This document minutes the question-and-answer sessions after the presentations, for the morning of day 1.
Philipp is the lead for the “Interaction” domain of W3C, under which the MMI (MultiModal Interaction) working group falls. He explains W3C and the position of MMI inside it. See slides.
Debbie Dahl is chair of the W3C working group on MMI. She explains what the MMI working group is doing and the models and specifications it is working on. The overall model is called the “MMI framework.” The working group has published documents on requirements and frameworks as well as specifications of formats, among which EMMA and InkML. See slides.
Q: Who is EMMA for, content developers?
A: The “browser” developer, not the content developer. Possibly also the developer of the speech recognizer.
Q: Also for modality developer. The developer of the integration component integrates the EMMA inputs from several modalities.
Q: What does a user write? (Where user is content developer.)
A: In speech case, e.g., this user writes SRGS. They don't need to know (much) about EMMA, they just need to define grammar and semantic tags. The speech recognizer generates the EMMA.
Q: Is there a model that describes the relation between the speech grammar and EMMA?
A: The grammar writer needs to annotate the grammar with semantics. There is no single, formal data-model.
Q: You talk about input, is there a model for the output side as well?
A: We have a picture, that shows the various existing formats, SMIL, HTML, SVG, etc., but it seems that input is where most work needs to be done.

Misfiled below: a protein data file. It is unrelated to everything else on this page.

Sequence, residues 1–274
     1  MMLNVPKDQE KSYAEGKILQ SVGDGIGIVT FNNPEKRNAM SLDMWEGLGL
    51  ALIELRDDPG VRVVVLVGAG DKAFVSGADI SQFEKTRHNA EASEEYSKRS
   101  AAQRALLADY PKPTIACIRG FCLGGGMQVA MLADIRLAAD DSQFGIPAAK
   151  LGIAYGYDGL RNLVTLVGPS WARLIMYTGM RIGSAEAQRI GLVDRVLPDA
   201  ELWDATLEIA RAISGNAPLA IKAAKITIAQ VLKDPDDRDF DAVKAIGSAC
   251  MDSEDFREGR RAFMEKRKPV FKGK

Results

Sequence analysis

Q: Are there plans for supporting EMMA in browsers?
A: We know several people are considering it. IETF is working on speech recognition and is considering using EMMA. But this is still early ideas.
Q: EMMA is good for distributed environment. If everything is in a single program, you don't need EMMA.
A (Dave): In Canon, where I work, we are looking at EMMA, not as a document, but as internal datastructures.
Franck presents a talk, prepared by Keith Waters, on the viewpoint of France Telecom and the opportunities offered by agents and multimodal I/O for better adaptation to the user. “Sensors” provide input about the status of the user, such as location. See paper and slides.
Q: Do you want to use the DOM? A hierarchy of sensors? What if a user has several devices?
A: The hierarchy is for the event propagation, the sensors are in a flat space.
Q: This seems to call for a sort of user profile, which says which device is the current main one.
Q: Don't understand the role of the DOM exactly. What programming language does an application use?
A: An application can register for some of event or a change of some property. The DOM doesn't depend on a specific language. The communication isn't expressed by the framework. It will probably be some sort of local communication, but may also be a remote access. The specification gives the functionality, not the details of the implementation.
Q: There are legacy issues for location. In some countries the information may not be used. What is France Telecom's position?
A: Only if the user agrees to giving the information. Don't see a legal issue currently.
Akos presents the perspective from mobile devices, which, due to their increasing power and decreasing size, are used for many more things now than just voice communications. Designing usable interfaces is a challenge. A standard authoring environment could be part of possible future work, which could be a multi-modal mark-up language or some combination of existing languages. A format for pen gestures is also still missing. Division of labor between W3C (authoring standards) and OMA (mobile related issues). See paper and slides.
Q: About gestures: do you have a common set, or is it application dependent? Any usability studies?
A: We don't have any studies, but we think it si possible to define a common set. Re-using some ideas from recognition grammars.
Q: Nokia doesn have pen input, does it?